College students are especially vulnerable to identity theft, and just in time for Fall Semester there’s been another data breach involving students’ personal information to prove it.
Usually, when a house is robbed, the problem and headache is limited to the home’s residents. But when the home of a University of Colorado at Colorado Springs professor was broken into July 5, more than 750 current and former students were placed at risk of becoming identity theft victims.
The professor laptop was stolen during the break-in, and on it he stored unencrypted lists of the 766 students who attended his classes from 2003 to 2009.
In most cases, the stored information was limited to students’ names, student ID numbers, email addresses, graduation year and grades, but 241 students weren’t so lucky: The university used students’ Social Security numbers as student ID numbers until Summer Semester, 2005.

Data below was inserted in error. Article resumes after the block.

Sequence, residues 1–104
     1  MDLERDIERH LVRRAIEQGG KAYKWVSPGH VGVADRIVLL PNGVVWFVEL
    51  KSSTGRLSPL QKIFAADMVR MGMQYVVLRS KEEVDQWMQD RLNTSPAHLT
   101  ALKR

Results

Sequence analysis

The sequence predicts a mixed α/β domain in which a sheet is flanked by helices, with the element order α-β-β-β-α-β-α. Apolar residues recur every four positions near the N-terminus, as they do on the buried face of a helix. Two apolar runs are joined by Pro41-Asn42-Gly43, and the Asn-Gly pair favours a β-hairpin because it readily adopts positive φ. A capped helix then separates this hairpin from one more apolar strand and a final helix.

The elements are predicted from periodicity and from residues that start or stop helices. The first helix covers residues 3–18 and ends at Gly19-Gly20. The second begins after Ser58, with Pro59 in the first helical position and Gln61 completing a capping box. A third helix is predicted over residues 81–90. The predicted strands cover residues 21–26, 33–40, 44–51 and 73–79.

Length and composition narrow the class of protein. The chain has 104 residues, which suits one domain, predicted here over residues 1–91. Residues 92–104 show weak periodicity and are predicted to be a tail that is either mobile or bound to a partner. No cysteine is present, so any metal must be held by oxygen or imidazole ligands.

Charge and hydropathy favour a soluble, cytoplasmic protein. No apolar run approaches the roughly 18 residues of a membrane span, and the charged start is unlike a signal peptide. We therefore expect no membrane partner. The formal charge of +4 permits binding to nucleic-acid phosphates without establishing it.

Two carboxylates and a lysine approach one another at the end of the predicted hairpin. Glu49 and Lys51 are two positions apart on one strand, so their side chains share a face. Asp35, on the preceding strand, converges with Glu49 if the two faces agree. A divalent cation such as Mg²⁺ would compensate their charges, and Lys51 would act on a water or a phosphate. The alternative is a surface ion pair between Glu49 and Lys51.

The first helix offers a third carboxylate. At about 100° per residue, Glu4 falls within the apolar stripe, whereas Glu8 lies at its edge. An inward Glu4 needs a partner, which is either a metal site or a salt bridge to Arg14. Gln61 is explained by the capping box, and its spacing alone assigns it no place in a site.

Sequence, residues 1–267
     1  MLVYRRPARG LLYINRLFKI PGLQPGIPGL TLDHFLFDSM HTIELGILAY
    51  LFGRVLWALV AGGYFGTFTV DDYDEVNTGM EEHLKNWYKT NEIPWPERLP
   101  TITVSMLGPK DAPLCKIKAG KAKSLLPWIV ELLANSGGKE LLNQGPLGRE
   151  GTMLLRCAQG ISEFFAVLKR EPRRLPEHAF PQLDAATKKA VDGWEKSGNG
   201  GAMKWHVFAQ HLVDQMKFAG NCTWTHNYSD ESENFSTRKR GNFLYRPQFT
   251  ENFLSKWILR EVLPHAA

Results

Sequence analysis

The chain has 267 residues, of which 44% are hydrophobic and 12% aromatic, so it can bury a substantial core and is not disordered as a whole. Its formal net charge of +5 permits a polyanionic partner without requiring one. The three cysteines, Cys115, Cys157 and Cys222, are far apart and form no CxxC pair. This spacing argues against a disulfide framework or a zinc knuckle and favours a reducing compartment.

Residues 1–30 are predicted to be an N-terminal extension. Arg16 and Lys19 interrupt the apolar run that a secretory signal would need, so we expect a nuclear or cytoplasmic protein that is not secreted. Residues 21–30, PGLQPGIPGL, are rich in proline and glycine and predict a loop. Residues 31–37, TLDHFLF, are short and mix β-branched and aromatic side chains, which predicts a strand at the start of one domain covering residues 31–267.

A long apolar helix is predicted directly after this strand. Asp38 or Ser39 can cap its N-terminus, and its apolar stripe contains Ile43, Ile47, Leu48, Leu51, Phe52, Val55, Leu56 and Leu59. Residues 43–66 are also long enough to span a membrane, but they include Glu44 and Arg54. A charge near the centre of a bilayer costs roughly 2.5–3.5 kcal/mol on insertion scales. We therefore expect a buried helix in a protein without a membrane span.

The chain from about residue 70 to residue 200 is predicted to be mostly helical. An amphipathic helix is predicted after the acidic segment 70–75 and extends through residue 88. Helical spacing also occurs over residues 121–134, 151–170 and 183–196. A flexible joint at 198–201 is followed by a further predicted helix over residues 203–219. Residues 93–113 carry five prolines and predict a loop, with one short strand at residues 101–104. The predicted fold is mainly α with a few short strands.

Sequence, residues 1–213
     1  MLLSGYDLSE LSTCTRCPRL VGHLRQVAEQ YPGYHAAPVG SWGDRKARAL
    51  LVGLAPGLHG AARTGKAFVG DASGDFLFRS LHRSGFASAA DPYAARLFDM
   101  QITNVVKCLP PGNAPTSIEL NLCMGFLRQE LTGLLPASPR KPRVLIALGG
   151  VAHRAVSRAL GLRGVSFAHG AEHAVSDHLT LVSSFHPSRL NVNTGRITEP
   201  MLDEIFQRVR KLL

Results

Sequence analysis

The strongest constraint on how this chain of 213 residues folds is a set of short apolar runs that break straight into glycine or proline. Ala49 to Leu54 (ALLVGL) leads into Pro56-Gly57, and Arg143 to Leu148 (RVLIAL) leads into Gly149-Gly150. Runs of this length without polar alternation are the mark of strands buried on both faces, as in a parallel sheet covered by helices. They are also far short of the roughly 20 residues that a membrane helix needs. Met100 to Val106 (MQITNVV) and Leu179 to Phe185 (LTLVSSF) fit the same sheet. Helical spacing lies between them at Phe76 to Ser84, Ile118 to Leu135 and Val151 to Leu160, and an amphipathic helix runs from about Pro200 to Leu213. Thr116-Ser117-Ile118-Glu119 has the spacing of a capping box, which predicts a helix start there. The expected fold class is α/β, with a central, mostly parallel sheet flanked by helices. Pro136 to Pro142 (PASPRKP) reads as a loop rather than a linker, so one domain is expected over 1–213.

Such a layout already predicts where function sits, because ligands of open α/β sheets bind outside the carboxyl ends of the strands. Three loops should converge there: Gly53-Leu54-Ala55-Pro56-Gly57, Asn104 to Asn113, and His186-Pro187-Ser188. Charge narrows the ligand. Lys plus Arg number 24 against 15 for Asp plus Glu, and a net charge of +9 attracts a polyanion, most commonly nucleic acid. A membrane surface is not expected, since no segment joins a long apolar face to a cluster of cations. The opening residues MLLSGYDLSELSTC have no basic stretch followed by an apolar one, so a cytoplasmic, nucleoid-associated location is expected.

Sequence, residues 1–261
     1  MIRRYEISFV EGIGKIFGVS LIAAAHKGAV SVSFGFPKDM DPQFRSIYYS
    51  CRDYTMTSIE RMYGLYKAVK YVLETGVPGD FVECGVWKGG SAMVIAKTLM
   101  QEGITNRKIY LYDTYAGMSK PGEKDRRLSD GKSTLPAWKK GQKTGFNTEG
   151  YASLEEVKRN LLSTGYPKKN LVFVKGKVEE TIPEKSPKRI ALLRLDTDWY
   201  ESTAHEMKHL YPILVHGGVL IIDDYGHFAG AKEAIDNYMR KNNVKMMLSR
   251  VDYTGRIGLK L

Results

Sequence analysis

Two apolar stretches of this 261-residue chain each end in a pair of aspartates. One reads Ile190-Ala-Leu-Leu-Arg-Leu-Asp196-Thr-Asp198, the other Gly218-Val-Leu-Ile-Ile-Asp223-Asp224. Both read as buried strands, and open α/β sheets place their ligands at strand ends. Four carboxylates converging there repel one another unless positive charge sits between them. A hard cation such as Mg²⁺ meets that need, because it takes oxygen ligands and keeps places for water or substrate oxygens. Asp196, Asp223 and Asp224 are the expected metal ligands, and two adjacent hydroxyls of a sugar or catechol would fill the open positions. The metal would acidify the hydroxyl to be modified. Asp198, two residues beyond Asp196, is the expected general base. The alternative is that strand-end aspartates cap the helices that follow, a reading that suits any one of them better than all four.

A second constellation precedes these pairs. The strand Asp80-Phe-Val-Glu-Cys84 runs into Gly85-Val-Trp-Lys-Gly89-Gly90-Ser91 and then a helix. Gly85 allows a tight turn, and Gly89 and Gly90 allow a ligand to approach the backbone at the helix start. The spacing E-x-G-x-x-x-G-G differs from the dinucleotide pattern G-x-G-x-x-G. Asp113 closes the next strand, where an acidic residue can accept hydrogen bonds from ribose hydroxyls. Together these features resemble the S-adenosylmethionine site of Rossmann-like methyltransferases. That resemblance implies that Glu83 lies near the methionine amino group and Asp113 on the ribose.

The university began sending letters to the affected students last Monday. A reporter for KKTV, a local television channel, asked a university official why it took three weeks to notify students of the data breach. The university official said it simply took that long for them to figure out exactly what was on the laptop and who was involved.
Although the information on the stolen laptop wasn’t encrypted, the university’s notification letter states they “will continue working with all departments to encrypt all personally identifiable data on laptop computers and portable devices to help prevent this situation from occurring in the future.”
There has been no mention as to whether the information was password protected.